The Washington State Redistricting Commission released four proposed Congressional District maps on Sept. 28 as the Nov. 15 deadline to reach a compromise on redrawing existing boundaries draws closer.
Redistricting occurs every 10 years in order to adjust for changes to a state's population. The goal is to distribute the population evenly to help ensure every resident is represented fairly in the state Legislature and U.S. Congress.
The number of people allocated to Washington's 10 districts is based on the 2020 Census, which determined the state's population was 7,705,281 as of April 1, 2020. That's a 14.6% growth over the last decade. As a result of the census data, each Congressional district should represent 771,595 people, and each of the 49 legislative districts should represent 157,251 people.
The state Redistricting Commission has five members. Legislative leaders from the two largest parties in each house of the Legislature appoint a voting member. A fifth member is appointed as a non-voting chairperson.
You can view Washington's current Congressional district map here.
Appointee: April Sims
Commissioner April Sims said her proposed boundary changes represent her values and the commission's responsibility to create districts that provide fair representation.
Her proposed boundaries reflect a greater Puget Sound area that saw growth in densely populated areas, while other parts of the state experienced slower growth. It seeks to reduce the number of counties split by Congressional district, with seven seeing a reduction in Congressional district splits and four contained in one district.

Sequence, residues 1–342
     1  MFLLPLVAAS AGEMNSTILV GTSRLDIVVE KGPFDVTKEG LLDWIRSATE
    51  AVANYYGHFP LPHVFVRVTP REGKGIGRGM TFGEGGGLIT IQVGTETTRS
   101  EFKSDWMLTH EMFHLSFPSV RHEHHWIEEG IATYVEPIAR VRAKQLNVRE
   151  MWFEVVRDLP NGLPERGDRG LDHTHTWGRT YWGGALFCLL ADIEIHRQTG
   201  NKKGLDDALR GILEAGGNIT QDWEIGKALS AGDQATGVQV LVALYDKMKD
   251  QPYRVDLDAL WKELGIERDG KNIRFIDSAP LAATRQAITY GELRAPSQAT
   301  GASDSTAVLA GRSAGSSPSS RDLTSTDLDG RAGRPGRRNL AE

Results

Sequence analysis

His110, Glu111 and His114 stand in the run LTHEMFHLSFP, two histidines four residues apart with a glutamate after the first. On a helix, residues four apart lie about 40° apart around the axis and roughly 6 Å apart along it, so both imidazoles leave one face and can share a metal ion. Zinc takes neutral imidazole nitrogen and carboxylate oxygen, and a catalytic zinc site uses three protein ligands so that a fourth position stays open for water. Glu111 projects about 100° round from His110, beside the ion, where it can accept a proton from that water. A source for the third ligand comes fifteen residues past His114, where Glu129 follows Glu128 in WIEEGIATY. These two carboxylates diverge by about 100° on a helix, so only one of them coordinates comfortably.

Sims said her proposed boundary changes also reflect feedback from Tribal councils as well as including more of south King County cities into District 9 to improve the representation of underrepresented residents.
Comment on Sims' map online here.
Appointee: Paul Graves
According to Paul Graves, his redrawn boundaries create two majority-minority Congressional districts, twice that of a decade ago. His map would give a "powerful voice to groups that have in the past been underrepresented in the halls of Congress" while increasing competition.
Graves said the state saw a 10% increase since 2010 in the "proportion of residents who are people of color." South Puget Sound, he said, drove much of that growth. His map consolidates and redraws District 9 and 10 to span Tacoma to Redmond.
Graves' proposal also includes a second swing district. District 1 would become a swing district along with District 8. The changes would "give Washington voters more choices and encourage better representation in Washington, D.C."
Comment on Graves' map online here.
Appointee: Brady Piñero Walkinshaw
The goal of Brady Piñero Walkinshaw's proposed Congressional district map is to reduce the number of county splits and to draw "more logical lines that reflect the reality of communities," he said.
His map reduces the number of counties split by multiple districts from nine to three – King, Pierce and Snohomish counties are the three split.
Walkinshaw's map also splits six cities: Auburn, Milton, Pacific, Seattle, Tacoma and Bellevue.
Walkinshaw's map unifies the Yakama Nation reservation and Tribal lands down to the Columbia River into one district.
His map also preserves District 9, where people of color make up a majority of the voting-age population. Burien is joined with communities of southeast Seattle and south King County. The map also unifies Kent, a portion of Auburn, Des Moines, New Castle, Tukwila, Renton, Federal Way and south Bellevue.
Comment on Piñero Walkinshaw's map online here.
Appointee: Joe Fain
According to Joe Fain, his district boundaries create "compact, competitive Congressional districts that follow important geographical and political boundaries."
The map keeps most cities, counties and school districts together and more than three-quarters of residents in their existing districts, according to Fain.
Comment on Fain's map online here.
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